References of "Regional Anesthesia & Pain Medicine"
     in
Bookmark and Share    
Full Text
Peer Reviewed
See detailPlatelet-rich plasma (PRP) to treat patellar tendinopathy: preliminary results
Kaux, Jean-François ULg; Croisier, Jean-Louis ULg; SIMONI, Paolo ULg et al

in Regional Anesthesia & Pain Medicine (2012, September), 37(5 - Suppl 1), 216

Introduction: Patellar tendinopathy, often remain rebel to conservative treatments. Researches have specifically demonstrated the platelets action as mediator and/or enhancer of tissue healing. The aim of ... [more ▼]

Introduction: Patellar tendinopathy, often remain rebel to conservative treatments. Researches have specifically demonstrated the platelets action as mediator and/or enhancer of tissue healing. The aim of our study was to investigate the effect of 1 injection of PRP in patients suffering from chronic patellar tendinopathy. Methods: Patients performed imaging (US and MRI) and functional assessments, and a clinical examination using an algometer, before treatment and 6 weeks after PRP treatment. They were also invited to answer to questionnaire relative to pain and functional status. PRP was obtained from autologous blood using an apheresis system (COM.TEC, Fresenius). The injection of 6mL of PRP was realised without local anaesthesia into the proximal insertion of the patellar tendon. A 48h rest-time was recommended after infiltration. Afterwards, a submaximal eccentric reeducation was initiated 1 week after infiltration 3 times a week during 5 weeks. In case of pain, anti-inflammatory drugs were prohibited and patient were encouraged to take class I or II painkillers. Results: At this time, 10 patients with patellar tendinopathy were included in our study. Pre-injection tests revealed pain of the upper part of the patellar tendon just below the patella, associated with loss of function. Imaging exams confirmed diagnosis. Six weeks post-injection, the clinical status was improved in all patients, with a significant decrease of algo-functional scores. The pain reported during functional assessments was decreased (in particular for the eccentric actions), yet no significant improvement of physical performances was observed. We found no significant differences between imaging exams before and 6 weeks after PRP injection. Conclusion: One in situ injection of PRP clinically improved patients with patellar tendinopathy 6 weeks after treatment. All the 10 patients reported a decrease of pain during day-life and through physical activities. However nor functional performances neither imaging were improved. [less ▲]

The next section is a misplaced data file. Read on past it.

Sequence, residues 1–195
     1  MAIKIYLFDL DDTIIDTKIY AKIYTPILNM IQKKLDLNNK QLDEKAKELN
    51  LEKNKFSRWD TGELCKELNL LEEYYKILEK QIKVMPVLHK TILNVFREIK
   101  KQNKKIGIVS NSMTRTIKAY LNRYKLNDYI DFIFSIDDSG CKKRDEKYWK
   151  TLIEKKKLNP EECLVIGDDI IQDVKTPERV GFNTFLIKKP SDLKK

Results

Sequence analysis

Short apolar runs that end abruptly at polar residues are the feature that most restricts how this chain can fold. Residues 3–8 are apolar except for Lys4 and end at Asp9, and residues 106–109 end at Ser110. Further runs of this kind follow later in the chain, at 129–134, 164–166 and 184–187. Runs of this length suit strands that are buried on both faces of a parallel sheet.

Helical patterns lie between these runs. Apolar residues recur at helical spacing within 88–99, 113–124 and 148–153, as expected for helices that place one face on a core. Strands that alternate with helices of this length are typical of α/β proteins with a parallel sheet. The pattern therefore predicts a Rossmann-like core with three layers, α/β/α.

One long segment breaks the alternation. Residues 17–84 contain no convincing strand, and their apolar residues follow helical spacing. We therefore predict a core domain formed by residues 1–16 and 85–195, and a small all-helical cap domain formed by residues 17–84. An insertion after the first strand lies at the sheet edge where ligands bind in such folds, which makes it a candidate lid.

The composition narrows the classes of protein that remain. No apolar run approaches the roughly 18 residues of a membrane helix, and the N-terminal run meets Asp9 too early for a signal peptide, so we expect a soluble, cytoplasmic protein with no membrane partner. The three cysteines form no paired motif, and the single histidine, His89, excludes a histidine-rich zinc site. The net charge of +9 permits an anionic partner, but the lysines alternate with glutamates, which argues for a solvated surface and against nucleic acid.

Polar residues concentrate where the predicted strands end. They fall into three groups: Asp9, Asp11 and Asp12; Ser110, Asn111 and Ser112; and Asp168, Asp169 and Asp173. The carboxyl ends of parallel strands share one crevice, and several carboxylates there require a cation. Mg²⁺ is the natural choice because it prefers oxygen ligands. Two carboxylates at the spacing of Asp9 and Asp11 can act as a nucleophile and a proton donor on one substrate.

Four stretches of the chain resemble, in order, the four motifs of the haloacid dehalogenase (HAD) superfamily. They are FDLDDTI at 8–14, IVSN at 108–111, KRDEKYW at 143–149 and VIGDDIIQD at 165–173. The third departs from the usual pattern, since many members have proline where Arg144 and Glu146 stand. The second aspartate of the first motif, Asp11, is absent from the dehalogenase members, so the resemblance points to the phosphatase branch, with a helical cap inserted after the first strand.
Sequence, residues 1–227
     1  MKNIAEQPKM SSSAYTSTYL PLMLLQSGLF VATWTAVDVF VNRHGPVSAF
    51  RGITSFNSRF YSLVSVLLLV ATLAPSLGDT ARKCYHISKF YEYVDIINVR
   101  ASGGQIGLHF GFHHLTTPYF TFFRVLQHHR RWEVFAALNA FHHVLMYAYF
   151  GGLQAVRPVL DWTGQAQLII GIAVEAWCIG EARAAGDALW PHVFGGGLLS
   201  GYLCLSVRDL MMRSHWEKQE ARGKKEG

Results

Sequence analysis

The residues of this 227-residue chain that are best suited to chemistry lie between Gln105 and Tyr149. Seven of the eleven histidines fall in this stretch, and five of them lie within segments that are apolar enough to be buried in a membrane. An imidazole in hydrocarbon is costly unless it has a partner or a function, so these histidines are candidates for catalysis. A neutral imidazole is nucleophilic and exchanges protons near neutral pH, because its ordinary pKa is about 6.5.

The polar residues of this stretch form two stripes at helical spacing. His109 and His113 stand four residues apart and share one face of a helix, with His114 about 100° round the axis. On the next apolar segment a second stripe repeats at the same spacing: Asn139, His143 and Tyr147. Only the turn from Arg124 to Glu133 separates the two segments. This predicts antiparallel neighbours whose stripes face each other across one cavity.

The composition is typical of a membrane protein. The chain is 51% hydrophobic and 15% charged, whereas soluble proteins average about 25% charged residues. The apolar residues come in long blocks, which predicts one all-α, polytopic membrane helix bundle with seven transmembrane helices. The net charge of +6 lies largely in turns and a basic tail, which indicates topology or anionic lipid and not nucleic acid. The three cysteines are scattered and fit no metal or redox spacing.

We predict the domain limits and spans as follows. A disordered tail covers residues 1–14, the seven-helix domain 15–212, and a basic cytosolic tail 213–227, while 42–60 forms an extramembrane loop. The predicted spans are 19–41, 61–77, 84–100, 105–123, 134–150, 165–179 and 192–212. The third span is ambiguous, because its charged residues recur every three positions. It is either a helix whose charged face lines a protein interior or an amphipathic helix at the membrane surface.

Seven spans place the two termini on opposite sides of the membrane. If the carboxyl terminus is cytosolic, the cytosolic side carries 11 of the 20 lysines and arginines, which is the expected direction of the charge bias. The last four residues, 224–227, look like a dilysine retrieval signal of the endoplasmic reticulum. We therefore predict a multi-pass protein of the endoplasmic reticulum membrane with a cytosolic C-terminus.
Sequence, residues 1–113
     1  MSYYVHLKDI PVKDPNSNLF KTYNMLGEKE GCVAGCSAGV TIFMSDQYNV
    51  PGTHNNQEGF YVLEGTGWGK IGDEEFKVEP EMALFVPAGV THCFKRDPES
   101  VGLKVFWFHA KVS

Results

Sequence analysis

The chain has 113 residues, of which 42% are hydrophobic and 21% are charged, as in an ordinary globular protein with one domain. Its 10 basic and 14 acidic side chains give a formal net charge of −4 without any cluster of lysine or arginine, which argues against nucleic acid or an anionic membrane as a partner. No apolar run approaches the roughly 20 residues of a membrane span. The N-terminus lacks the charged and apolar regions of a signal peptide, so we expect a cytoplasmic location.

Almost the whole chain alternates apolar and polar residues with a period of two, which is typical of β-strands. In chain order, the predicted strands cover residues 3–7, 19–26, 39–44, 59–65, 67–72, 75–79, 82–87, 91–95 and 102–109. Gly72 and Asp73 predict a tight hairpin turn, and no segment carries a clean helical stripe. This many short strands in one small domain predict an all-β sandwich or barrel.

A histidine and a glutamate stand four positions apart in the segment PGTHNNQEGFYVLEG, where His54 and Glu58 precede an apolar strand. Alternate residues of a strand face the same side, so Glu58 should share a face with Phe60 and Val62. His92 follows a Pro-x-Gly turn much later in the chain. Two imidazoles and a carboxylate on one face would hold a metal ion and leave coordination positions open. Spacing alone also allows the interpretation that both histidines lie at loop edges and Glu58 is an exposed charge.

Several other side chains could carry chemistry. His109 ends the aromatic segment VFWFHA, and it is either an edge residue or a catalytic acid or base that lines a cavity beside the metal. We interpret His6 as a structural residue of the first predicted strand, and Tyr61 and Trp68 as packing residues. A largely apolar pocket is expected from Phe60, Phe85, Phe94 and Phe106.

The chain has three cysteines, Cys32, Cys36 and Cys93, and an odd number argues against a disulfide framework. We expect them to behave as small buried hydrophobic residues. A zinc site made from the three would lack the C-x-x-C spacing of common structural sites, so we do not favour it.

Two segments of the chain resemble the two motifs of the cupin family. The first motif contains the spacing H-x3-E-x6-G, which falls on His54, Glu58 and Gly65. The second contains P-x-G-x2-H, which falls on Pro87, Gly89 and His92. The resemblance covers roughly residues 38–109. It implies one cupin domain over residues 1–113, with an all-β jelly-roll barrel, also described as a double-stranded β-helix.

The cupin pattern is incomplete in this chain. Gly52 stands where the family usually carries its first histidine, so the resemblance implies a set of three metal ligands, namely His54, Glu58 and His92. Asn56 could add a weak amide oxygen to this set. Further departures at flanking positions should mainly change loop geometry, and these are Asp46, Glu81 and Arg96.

Detailed reference viewed: 83 (13 ULg)
Full Text
Peer Reviewed
See detailImpact of extracorporeal shock wave therapy in the treatment of chronic lateral epicondylitis
Deroanne, Adrien; Deroanne, Didier; Florkin, Marc et al

in Regional Anesthesia & Pain Medicine (2012, September), 37(5 - Suppl 1), 263

Background and aim: radial shock wave therapy (RSWT) is a relatively new way to treat chronic tendinopathies, such as lateral epicondylitis. However, very few studies have been realized on this subject ... [more ▼]

Background and aim: radial shock wave therapy (RSWT) is a relatively new way to treat chronic tendinopathies, such as lateral epicondylitis. However, very few studies have been realized on this subject, and the results are very divergent. We aimed to observe the impact of this technique on chronic lateral elbow pain. Method: fifteen subjects who had a lateral epicondylitis for at least 3 months were included in the study. Two groups were formed: experimental (10 subjects) who received 6 sessions of physiotherapy and RSWT, and the control group (5 subjects) who received exclusively physiotherapy. Physiotherapy sessions were composed of massage, stretching, diacutaneous fibrolysis, and a muscular eccentric program of the wrist extensor muscles. We evaluated the subjects before the first session, and after 6 weeks of treatment with a pain visual analog scale (VAS), the painless wrist flexion amplitude, ant the “Patient-Rated Tennis Elbow Evaluation” (PRTEE) questionnaire. Results: the difference between initial and final evaluations was significant (regarding to the wilcoxon test) for all of the parameters studied (p=0,028 for the VAS, p=0,005 for the wrist flexion amplitude, and p=0,005 for the PRTEE) in the experimental group. It wasn’t significant in the control group (VAS p=0,144128, wrist flexion amplitude p=0,079617, and PRTEE p=0,067890). The comparison between the two groups was not significant, neither in the beginning, nor in the end of the treatment (regarding to the Umann and Whitney test) Conclusions: RSWT associated to physiotherapy is a more effective treatment for lateral epicondylitis than physiotherapy alone. [less ▲]

Detailed reference viewed: 124 (12 ULg)
Full Text
Peer Reviewed
See detailCurrent evidence and indications for Prolotherapy with Platelet Rich Plasma in chronic musculoskeletal conditions
Kaux, Jean-François ULg; Crielaard, Jean-Michel ULg

in Regional Anesthesia & Pain Medicine (2012, September), 37(5 - Suppl 1), 104-106

Detailed reference viewed: 67 (10 ULg)